The TMEM106B gene directs cells to produce proteins of the same name, TMEM106B. In turn, those are thought to play a role in the formation of cell organelles that are responsible for digesting enzymes. Yet too much TMEM106B, which could occur as a result of genetic variation, can make enzyme digestion less efficient. Inside brain cells that play an important role in cleaning the brain of damage-related proteins like p-tau, abnormal enzyme digestion could result in the hallmark buildup of the damaging proteins seen in cases of CTE.

“We’re at a place where we clearly know that there’s a link between contact sports and CTE, but we don’t yet have a good sense of the magnitude of that relationship,” says Mez, who is particularly interested in understanding how genetic and trauma-related factors influence dementia risk.

There’s likely a number of genes that contribute on various levels to bring someone from the neurotypical end of the spectrum to a diagnosis of severe CTE. With the number of brain bank participants continuing to creep above 600, more genetic factors related to CTE could be on the near horizon. McKee, who was named one of Time magazine’s 100 Most Influential People of 2018, has said that unless the rules of the game begin to change, the research around brains with CTE could one day influence the popularity of football in America.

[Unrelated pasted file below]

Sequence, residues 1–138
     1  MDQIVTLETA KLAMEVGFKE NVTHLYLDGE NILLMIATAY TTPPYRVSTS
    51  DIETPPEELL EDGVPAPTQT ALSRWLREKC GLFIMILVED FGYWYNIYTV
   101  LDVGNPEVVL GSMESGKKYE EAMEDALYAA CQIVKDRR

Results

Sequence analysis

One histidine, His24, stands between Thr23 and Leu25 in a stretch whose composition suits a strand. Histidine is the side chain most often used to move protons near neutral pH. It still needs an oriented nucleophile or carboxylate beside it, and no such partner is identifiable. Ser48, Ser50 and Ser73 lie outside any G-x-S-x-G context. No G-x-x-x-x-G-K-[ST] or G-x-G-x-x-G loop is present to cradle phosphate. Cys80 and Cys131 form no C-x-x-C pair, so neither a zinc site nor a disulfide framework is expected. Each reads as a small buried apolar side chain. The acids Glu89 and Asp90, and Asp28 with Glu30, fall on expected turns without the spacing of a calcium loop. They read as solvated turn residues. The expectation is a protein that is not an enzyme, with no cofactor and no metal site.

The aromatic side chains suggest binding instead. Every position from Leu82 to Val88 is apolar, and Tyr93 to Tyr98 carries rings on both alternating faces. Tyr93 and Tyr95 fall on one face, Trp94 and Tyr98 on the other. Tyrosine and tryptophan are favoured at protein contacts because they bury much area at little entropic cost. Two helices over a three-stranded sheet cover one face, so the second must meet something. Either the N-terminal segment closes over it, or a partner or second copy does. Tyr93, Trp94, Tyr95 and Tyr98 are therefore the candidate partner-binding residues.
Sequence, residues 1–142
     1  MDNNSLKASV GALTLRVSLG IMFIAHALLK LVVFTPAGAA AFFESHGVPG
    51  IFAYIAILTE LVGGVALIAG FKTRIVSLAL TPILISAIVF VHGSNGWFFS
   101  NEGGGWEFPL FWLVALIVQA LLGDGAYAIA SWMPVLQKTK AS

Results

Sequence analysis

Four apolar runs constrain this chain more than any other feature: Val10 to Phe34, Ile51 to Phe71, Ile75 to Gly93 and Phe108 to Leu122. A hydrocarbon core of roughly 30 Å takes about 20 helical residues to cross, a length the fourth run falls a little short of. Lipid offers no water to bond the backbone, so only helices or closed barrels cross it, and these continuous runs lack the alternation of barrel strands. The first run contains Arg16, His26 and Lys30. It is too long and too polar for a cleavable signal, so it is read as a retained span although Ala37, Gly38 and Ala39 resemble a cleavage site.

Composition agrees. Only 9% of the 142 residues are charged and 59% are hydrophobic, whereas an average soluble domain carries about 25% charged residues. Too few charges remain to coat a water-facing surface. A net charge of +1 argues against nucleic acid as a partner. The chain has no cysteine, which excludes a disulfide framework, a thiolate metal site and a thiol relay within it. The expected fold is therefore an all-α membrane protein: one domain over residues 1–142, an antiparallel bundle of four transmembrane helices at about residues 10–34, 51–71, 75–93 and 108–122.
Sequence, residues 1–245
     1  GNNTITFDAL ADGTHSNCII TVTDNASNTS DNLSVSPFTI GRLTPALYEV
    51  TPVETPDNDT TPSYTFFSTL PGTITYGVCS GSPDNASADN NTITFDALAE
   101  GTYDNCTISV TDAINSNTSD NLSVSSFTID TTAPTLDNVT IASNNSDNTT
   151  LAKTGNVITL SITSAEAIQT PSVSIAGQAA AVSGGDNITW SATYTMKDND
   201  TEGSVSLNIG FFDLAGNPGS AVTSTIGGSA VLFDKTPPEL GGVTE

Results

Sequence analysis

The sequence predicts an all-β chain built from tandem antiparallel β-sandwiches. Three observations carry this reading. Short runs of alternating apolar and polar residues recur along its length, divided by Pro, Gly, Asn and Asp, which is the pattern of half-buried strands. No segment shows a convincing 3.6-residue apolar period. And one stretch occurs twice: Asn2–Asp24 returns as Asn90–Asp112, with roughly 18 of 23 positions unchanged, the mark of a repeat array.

“As your sample size gets bigger, you’re able to identify genes that have smaller and smaller effects,” says Cherry. “It’s an advantage for us that we’re not just operating on clinical diagnoses of dementia, for example, but that we have the actual CTE pathology in front of us to quantify what we’re seeing with the presence of certain genetic variations.”

Kat J. McAlpine can be reached at katjmcal@bu.edu.

1 Comments

One Comment on Why Some People’s CTE Symptoms Are More Severe Than Others

  • Alexes Griffin on 11.26.2018 at 7:29 pm

    How can I request help? What is available to non-athletes for testing/treatment?